Photo by Adrienne Pitts

Edgar Wright

The director, writer and actor known for Baby Driver, Shaun of the Dead and The World’s End picks 10 favourites including Pink String and Sealing Wax, The Halfway House, The Small World of Sammy Lee, Went the Day Well?, Darling, Dead of Night and That’ll Be the Day.

It Always Rains On Sunday

The StudioCanal Vintage Classics range shows the noir-ish flipside to Ealing Studios; a perfect example is Robert Hamer’s post WWII crime drama, shot by the great Douglas Slocombe in blitzed out East London. Googie Withers is magnificent, as ever.

Pink String And Sealing Wax

The title suggests a comedy, but again this Ealing Studios film from director Robert Hamer & star Googie Withers, shows their darker side. Set in Victorian era Brighton it concerns a pharmacy, a local watering hole and the (almost) perfect murder.

The Halfway House

Basil Dearden had, in my youth, acquired something of a stuffy reputation, which I was delighted to later find was very wrong. An extremely versatile director, this poignant film finds him in supernatural gear as it concerns a strange guesthouse that is lost in time.

The Small World Of Sammy Lee

The Uncut Gems of its day. A brilliant Anthony Newley hustles his way through 60s Soho trying to escape the promise of broken limbs from some scary loan sharks. Incredible location work, a total time capsule for the red light district as it once was.

Went The Day Well?

One of the greatest directors of post war British cinema was the Brazilian director Cavalcanti. This film is a suspenseful ‘What If’ tale set in WWII, telling the tale of a German invasion on British soil. The inhabitants of fictional village Bramley End find the Nazis in their midst and must fight back. Stirring propaganda and the only place you’re likely to find Thora Hird in a life or death gun battle. I had only seen this recently, but you’d be forgiven for thinking it inspired my Hot Fuzz in some way.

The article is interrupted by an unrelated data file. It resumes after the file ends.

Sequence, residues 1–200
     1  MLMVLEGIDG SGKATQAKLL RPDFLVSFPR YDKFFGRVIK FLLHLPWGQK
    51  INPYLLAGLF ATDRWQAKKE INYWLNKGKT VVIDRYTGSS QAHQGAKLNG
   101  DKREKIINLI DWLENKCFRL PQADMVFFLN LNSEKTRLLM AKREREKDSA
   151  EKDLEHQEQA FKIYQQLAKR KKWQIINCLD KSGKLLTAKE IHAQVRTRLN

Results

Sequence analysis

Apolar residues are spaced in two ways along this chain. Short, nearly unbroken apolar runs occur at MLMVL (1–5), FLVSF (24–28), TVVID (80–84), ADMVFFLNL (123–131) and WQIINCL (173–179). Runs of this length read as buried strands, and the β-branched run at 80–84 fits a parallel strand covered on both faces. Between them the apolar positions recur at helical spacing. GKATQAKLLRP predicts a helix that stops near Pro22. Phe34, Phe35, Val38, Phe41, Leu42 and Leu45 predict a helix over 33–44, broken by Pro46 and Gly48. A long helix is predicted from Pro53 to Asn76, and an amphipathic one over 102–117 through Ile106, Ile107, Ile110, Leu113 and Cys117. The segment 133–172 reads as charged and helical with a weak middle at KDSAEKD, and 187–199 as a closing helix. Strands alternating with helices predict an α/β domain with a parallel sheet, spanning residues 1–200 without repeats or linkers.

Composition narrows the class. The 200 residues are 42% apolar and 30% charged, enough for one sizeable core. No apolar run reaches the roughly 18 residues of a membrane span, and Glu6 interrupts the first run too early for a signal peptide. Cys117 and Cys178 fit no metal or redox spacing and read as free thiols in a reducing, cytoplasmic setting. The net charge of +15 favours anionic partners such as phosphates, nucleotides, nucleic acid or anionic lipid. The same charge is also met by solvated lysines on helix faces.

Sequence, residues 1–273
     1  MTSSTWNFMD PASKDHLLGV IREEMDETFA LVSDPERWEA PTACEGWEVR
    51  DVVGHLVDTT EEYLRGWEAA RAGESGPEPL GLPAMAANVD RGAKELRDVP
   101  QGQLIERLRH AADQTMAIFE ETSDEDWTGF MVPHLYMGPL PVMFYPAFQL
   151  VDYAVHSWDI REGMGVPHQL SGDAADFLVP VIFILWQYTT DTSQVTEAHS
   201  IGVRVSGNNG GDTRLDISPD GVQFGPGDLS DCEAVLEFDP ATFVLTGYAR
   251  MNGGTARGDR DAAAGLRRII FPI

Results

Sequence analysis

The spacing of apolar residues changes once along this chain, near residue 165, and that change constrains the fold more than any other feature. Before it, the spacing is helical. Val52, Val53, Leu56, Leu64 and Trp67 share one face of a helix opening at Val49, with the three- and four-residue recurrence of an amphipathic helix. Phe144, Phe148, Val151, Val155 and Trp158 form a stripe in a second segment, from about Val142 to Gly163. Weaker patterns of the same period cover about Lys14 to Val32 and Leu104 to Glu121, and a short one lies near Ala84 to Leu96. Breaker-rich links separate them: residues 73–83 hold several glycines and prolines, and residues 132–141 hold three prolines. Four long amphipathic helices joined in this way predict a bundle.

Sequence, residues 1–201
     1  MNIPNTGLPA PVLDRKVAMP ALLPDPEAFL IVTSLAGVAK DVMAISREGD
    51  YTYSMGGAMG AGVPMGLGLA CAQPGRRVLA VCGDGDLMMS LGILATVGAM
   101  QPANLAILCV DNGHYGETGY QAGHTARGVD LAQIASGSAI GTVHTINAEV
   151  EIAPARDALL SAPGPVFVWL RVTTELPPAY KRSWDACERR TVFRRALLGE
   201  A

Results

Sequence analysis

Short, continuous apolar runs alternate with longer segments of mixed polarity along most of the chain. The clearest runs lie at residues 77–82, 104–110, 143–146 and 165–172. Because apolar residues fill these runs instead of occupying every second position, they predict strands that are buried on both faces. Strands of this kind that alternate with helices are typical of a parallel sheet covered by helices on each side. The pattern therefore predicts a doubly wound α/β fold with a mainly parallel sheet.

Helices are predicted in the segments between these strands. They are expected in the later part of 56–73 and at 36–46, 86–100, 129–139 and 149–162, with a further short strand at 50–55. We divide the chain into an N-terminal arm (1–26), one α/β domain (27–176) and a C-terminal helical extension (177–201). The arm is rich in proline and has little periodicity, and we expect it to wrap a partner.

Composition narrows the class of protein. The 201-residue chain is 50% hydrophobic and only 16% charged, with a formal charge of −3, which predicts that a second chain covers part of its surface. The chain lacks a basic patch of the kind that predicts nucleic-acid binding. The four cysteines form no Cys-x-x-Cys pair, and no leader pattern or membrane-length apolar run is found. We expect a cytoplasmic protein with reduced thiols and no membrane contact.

Ice Cold In Alex

The ultimate WWII matinee epic. I never watched this with my late grandfather, but it was one of his favourites. A British answer on The Wage Of Fear, it tells of a mission through the desert with all the pitfalls (and quicksand) you can imagine. The famous end scene where John Mills savours the beer of the title, is such a vivid moment that you would swear the amber nectar was actually in color and not B&W.

The Cruel Sea

A stirring, engrossing WWII film based on the novel by former naval office Nicholas Monsarrat shows the toil and grim drama of the war effort in the unforgiving ocean; with an all-star Brit cast of Jack Hawkins, Stanley Baker, Denholm Elliot & Donald Sinden.


Julie Christie lights the screen on fire in this drama set and shot in the very epicentre of 60s London. This romantic drama also stars the brilliant Dirk Bogarde and Laurence Harvey, but it is of course Christie, who won the Oscar for Best Actress for her role, who makes the film truly iconic.

Dead Of Night

Before Amicus made their name with their horror anthologies of the 60s and 70s, it was Ealing Studio who laid an early claim to the genre, with this extraordinary film. The combined talents of Basil Dearden, Charles Crichton, Cavalcanti and Robert Hamer conjure up something truly unforgettable, with the final story about ventriloquist Michael Redgrave and his dummy Hugo being the one that has haunted cinema ever since.

That’ll Be The Day

Producer David Puttnam was inspired by the Nilsson song ‘1941’ to conceive a coming of age tale set in post war Britain about the birth of rock and roll and its profound effect on the teens of the time. David Essex stars in this beautifully shot postcard of a film, which shoots it’s 50s set scenes on the lost in time Isle Of Wight to eerie effect. The sequel, Stardust, directed by Michael Apted is even better.

Recommended Titles

Charles Frend1953
Robert Hamer1947
Charles Crichton, Alberto Cavalcanti, Basil Dearden & Robert Hamer1945
Basil Dearden1944
John Schlesinger1965
Alberto Cavalcanti1942
Claude Whattham1973
Ken Hughes1963
Robert Hamer1945
J. Lee Thompson1958